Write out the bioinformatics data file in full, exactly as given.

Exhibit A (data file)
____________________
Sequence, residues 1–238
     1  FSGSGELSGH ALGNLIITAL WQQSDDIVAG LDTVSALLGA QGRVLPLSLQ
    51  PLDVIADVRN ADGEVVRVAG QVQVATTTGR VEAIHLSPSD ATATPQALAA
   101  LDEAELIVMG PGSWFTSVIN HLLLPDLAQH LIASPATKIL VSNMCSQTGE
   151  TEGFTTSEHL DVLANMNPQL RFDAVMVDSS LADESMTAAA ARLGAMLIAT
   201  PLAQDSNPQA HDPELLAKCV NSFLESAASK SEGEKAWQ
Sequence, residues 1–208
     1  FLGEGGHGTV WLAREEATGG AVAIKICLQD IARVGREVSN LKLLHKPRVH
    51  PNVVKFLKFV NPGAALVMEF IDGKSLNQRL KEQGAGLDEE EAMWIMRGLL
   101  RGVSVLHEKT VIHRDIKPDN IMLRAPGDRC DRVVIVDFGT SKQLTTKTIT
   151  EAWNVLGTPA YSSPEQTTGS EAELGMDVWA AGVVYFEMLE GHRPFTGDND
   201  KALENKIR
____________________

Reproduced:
Sequence, residues 1–238
     1  FSGSGELSGH ALGNLIITAL WQQSDDIVAG LDTVSALLGA QGRVLPLSLQ
    51  PLDVIADVRN ADGEVVRVAG QVQVATTTGR VEAIHLSPSD ATATPQALAA
   101  LDEAELIVMG PGSWFTSVIN HLLLPDLAQH LIASPATKIL VSNMCSQTGE
   151  TEGFTTSEHL DVLANMNPQL RFDAVMVDSS LADESMTAAA ARLGAMLIAT
   201  PLAQDSNPQA HDPELLAKCV NSFLESAASK SEGEKAWQ
Sequence, residues 1–208
     1  FLGEGGHGTV WLAREEATGG AVAIKICLQD IARVGREVSN LKLLHKPRVH
    51  PNVVKFLKFV NPGAALVMEF IDGKSLNQRL KEQGAGLDEE EAMWIMRGLL
   101  RGVSVLHEKT VIHRDIKPDN IMLRAPGDRC DRVVIVDFGT SKQLTTKTIT
   151  EAWNVLGTPA YSSPEQTTGS EAELGMDVWA AGVVYFEMLE GHRPFTGDND
   201  KALENKIR